Likely, at some point in your sales career, you’ve had a tough client with whom you had trouble connecting. But, there are also customer relationships that are downright toxic–and they can be a major drain on you and your resources. So, how do you differentiate between a run-of-the-mill difficult client and one that is toxic? Graham Onak, in an article for Business2Community, shares a few tell-tale signs (a couple of which are below), he gives advice on how to nip the problems in the bud before they get too out of control.
- You have tons of email drafts left unsent. If you find that the client is the (non) recipient of several unsent emails, there may be a problem. Whether it’s anxiety over being misunderstood, indecisiveness over how to even address him or her, or worry over the type of response you will receive, there is apparently a deep feeling of uncertainty in relation to the client.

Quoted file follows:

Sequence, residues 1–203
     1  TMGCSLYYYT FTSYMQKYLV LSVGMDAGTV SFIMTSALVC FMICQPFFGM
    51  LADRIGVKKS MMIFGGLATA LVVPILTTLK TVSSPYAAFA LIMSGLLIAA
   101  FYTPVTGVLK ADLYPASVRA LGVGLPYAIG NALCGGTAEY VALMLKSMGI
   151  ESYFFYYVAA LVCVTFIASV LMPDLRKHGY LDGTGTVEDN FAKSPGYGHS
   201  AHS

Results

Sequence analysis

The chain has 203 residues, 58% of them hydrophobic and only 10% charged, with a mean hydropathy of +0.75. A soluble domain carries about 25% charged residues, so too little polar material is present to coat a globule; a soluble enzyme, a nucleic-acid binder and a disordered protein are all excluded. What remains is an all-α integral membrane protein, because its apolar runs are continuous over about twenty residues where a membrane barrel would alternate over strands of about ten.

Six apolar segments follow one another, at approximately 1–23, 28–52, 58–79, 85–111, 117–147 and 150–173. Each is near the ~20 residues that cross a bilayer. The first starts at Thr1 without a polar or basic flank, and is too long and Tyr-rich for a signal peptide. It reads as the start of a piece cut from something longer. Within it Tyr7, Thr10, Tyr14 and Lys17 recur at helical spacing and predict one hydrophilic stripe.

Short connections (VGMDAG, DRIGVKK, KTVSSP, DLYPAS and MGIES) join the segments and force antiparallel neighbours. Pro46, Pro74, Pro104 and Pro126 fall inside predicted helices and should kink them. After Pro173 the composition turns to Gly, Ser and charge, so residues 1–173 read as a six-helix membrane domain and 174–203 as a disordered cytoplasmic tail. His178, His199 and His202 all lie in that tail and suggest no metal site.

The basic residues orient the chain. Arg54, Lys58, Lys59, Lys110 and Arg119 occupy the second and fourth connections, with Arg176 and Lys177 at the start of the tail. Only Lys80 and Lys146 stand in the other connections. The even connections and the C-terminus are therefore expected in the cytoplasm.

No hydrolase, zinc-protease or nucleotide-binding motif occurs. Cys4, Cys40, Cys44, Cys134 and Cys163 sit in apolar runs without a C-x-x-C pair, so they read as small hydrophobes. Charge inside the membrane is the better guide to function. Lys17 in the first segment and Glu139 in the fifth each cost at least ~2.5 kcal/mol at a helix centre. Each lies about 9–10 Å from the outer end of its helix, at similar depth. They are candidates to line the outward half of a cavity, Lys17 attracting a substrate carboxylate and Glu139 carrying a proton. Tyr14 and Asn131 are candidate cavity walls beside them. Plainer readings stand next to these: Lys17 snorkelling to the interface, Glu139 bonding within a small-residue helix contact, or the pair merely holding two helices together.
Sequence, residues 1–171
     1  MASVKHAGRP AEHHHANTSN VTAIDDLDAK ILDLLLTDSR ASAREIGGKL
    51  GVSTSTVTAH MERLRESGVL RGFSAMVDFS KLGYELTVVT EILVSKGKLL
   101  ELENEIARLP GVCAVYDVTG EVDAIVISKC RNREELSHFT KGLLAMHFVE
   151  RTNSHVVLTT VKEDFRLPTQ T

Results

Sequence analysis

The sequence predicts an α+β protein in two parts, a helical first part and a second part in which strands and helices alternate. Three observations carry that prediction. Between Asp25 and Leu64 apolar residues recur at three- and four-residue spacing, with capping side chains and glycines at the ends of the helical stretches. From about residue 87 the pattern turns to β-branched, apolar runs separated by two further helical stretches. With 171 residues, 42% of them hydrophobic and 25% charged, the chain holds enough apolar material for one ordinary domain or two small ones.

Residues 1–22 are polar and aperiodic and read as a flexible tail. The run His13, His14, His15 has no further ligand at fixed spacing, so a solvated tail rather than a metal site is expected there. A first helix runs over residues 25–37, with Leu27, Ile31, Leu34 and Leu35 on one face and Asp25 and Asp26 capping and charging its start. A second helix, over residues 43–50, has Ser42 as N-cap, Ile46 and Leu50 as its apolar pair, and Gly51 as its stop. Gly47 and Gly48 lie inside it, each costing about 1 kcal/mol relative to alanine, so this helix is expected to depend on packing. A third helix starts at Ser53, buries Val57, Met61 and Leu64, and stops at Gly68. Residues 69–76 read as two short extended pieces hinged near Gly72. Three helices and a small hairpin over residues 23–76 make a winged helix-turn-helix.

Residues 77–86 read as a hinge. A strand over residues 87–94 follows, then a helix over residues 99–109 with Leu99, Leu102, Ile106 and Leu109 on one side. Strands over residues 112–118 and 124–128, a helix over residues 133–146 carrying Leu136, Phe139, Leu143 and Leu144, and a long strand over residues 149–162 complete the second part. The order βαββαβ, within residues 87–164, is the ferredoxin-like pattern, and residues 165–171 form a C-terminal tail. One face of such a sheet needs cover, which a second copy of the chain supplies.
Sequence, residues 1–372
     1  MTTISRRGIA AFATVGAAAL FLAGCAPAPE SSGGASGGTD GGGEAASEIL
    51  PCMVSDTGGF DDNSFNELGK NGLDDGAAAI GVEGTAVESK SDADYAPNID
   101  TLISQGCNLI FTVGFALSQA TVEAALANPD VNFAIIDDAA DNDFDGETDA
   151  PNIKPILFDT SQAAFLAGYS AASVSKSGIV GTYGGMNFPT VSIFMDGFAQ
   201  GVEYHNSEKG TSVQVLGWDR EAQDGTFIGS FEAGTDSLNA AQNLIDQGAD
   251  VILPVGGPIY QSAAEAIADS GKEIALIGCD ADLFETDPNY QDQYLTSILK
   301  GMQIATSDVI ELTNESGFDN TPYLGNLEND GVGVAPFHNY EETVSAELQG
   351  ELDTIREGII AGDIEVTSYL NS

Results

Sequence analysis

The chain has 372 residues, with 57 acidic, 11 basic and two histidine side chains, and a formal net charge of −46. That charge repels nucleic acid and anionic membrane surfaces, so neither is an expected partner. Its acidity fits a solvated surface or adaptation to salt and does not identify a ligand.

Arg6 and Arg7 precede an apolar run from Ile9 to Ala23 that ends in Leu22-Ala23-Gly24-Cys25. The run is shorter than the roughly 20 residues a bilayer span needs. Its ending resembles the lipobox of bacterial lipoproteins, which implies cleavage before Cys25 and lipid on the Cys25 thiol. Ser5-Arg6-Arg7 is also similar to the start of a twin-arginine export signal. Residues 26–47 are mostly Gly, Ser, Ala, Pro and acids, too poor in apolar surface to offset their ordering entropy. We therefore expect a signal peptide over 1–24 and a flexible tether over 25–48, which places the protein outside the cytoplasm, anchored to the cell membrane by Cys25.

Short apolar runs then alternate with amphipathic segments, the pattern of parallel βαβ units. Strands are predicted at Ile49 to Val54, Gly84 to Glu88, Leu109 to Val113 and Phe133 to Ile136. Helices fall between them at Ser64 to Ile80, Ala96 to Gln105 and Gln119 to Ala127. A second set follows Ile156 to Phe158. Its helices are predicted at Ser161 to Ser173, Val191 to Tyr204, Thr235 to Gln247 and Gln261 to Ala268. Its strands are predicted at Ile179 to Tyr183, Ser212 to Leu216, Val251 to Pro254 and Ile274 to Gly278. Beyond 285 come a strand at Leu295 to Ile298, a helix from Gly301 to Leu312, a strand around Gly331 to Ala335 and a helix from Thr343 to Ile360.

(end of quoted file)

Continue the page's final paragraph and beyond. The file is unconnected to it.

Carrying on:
- Everything is a 24/7‑three-alarm emergency. This client is always having emergencies—and calling you. “Their project is on fire, all the time,” writes Onak. “Instead of calling 911, they call you. Sometimes, they call you names. You’re constantly shifting tasks instead of completing them. And it’s affecting your life.”
- Their name on caller ID makes your heart stop. Another sign of a toxic relationship is dread and avoidance of speaking with the client. If seeing their name pop up on caller ID makes you hesitate before answering, or even avoid picking up the phone, your relationship is likely unhealthy.
If you can identify with any of these, it’s important you take action to boost the health of your relationship before it damages your productivity and mental well-being.
Not sure where to even start? “Make a list of reasons your client is upsetting you and start tackling them,” he suggests.”If they never seem to respect your time, don’t accept their meeting invitation right away. Ask to reschedule for a different time. Push back. It’s not “bad service” if giving in constantly will make you disgruntled and offer…bad service.”
And remember, it’s always ok to say “no.” Establishing clear boundaries will prevent toxic relationships from getting worse and taking an even greater toll.